Bottle Shock is a shameless grab at the yuppie audience that flocked to the similarly themed Sideways. But it doesn't take much longer than the opening credits—as the camera drools embarrassingly over acres of sun-dappled vineyards—to realize that there isn't anything subtle or winning about the newest mash note to Napa. Never mind the "true story" that inspired it: Bottle Shock is a jingoistic light drama, so crude and clueless it flirts with outright racism.

It's the mid-1970s, before American wines got any goddamn respect, and long-haired slacker Bo Barrett (Chris Pine) is goofing off around his daddy's vineyard. He doesn't much care for work, but when his father's attractive new intern Sam (Rachael Taylor) starts prancing around the property in formfitting overalls, he makes a token effort at industriousness. Speaking of tokens, Bo has a friend: Gustavo (Freddy Rodriguez), the son of a Mexican laborer and the real brains behind the Barrett family viticulture. Together, the trio gets along swimmingly— until one night, when Sam pays a visit to Gustavo's servant quarters, a romantic hut out by the vines.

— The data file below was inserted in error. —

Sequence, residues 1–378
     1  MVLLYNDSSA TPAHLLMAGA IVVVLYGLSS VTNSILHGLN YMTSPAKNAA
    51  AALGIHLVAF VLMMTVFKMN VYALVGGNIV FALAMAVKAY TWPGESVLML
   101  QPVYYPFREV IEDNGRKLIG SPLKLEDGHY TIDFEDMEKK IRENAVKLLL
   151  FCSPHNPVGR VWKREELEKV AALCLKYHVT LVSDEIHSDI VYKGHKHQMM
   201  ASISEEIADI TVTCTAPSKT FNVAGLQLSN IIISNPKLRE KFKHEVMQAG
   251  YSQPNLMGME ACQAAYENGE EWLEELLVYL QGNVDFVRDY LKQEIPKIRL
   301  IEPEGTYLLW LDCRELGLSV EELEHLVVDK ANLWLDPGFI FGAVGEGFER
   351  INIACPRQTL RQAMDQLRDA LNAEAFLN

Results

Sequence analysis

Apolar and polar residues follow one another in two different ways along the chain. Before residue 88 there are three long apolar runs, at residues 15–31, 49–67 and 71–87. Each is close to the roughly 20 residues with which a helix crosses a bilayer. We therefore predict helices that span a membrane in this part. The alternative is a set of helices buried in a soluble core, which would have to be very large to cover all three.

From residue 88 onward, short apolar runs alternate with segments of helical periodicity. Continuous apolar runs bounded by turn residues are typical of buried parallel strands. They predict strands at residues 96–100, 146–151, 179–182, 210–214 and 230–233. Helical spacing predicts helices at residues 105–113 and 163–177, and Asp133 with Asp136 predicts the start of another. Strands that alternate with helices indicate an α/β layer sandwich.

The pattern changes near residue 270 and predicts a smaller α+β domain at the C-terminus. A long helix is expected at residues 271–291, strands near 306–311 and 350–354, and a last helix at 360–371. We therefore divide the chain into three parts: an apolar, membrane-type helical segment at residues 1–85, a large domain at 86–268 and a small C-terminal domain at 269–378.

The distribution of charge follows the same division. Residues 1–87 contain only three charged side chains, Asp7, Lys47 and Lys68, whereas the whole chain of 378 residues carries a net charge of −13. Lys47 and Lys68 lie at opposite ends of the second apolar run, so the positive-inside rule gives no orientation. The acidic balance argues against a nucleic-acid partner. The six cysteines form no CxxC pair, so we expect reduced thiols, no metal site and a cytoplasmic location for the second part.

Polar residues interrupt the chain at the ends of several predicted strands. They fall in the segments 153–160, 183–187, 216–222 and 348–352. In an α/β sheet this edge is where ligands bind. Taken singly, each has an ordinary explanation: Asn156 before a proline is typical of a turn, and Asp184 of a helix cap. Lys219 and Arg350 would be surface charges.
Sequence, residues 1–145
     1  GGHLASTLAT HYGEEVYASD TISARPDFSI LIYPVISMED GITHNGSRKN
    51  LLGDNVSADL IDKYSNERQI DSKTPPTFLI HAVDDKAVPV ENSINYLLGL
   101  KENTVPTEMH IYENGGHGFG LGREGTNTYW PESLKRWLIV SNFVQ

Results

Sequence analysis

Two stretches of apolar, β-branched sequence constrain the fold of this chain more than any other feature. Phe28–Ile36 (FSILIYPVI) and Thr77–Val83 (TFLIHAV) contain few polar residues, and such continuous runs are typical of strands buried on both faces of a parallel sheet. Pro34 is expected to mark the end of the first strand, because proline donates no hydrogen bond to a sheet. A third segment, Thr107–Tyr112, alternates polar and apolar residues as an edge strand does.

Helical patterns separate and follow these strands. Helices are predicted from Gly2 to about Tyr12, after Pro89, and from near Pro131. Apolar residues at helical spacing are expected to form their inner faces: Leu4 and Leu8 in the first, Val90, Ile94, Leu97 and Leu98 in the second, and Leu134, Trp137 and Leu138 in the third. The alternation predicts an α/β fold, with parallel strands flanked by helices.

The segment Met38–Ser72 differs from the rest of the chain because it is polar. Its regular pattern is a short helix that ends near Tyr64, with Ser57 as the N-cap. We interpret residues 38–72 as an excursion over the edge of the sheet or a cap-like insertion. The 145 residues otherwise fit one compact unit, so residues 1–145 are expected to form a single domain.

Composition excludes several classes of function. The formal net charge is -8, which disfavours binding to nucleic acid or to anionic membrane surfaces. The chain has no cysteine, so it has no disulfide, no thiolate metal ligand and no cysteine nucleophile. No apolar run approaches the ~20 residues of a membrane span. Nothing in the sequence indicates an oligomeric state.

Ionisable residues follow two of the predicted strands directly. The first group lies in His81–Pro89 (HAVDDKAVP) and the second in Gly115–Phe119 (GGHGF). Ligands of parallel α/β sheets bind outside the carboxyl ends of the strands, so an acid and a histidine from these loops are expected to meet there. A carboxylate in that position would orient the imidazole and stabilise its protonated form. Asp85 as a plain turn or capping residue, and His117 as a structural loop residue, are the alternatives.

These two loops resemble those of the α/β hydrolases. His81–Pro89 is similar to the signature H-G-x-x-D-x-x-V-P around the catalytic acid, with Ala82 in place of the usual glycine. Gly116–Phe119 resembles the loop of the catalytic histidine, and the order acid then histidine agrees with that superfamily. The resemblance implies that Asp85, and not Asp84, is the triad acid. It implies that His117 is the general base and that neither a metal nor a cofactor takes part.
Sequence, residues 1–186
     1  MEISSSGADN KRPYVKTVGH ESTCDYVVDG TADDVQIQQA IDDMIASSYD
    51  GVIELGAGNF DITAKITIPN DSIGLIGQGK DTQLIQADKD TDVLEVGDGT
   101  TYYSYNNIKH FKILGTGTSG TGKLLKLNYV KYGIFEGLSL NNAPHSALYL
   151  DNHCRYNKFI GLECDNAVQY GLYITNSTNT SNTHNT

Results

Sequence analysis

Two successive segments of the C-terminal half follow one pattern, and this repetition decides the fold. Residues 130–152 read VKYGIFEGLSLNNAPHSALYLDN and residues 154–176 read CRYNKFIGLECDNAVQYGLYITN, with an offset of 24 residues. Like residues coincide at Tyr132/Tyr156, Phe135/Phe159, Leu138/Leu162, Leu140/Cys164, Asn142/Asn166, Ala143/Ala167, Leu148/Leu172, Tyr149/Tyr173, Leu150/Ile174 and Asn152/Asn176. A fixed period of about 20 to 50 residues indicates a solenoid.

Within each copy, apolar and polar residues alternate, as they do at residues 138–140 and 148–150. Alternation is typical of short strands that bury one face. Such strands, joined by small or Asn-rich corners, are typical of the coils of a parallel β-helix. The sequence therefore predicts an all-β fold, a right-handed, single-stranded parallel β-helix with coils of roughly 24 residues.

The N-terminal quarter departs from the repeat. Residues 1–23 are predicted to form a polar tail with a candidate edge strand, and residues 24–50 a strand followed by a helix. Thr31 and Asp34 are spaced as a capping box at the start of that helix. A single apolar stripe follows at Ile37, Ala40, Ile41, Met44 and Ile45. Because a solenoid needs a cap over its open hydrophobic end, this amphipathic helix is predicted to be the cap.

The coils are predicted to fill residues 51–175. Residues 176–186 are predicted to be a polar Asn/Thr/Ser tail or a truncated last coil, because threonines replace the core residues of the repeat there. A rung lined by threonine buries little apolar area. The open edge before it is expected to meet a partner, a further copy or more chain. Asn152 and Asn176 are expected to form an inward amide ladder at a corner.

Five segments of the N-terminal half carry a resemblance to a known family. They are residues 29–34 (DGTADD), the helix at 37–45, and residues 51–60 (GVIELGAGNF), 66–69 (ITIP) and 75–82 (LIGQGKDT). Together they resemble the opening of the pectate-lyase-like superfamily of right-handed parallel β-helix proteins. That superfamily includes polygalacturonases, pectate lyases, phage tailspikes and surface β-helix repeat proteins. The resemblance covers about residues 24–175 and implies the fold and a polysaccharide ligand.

There's a whole separate subplot involving an English wine snob (Alan Rickman) who agrees to host a now-famous blind tasting pitting august French wines against their upstart American counterparts. But the wine is just a sideshow. The real narrative climax comes when Sam, for no discernible reason, ditches clever Gustavo for her true destiny: a romp in the sack with young Master Bo, he of the blond hair, tall stature, promising inheritance, etc. Bottle Shock gets strangely gung ho about the essential integrity of this hippie, but offers zero justification for the preference. Poor Freddy Rodriguez. There's no room for a Mexican-American hero in a movie about California's self-respect.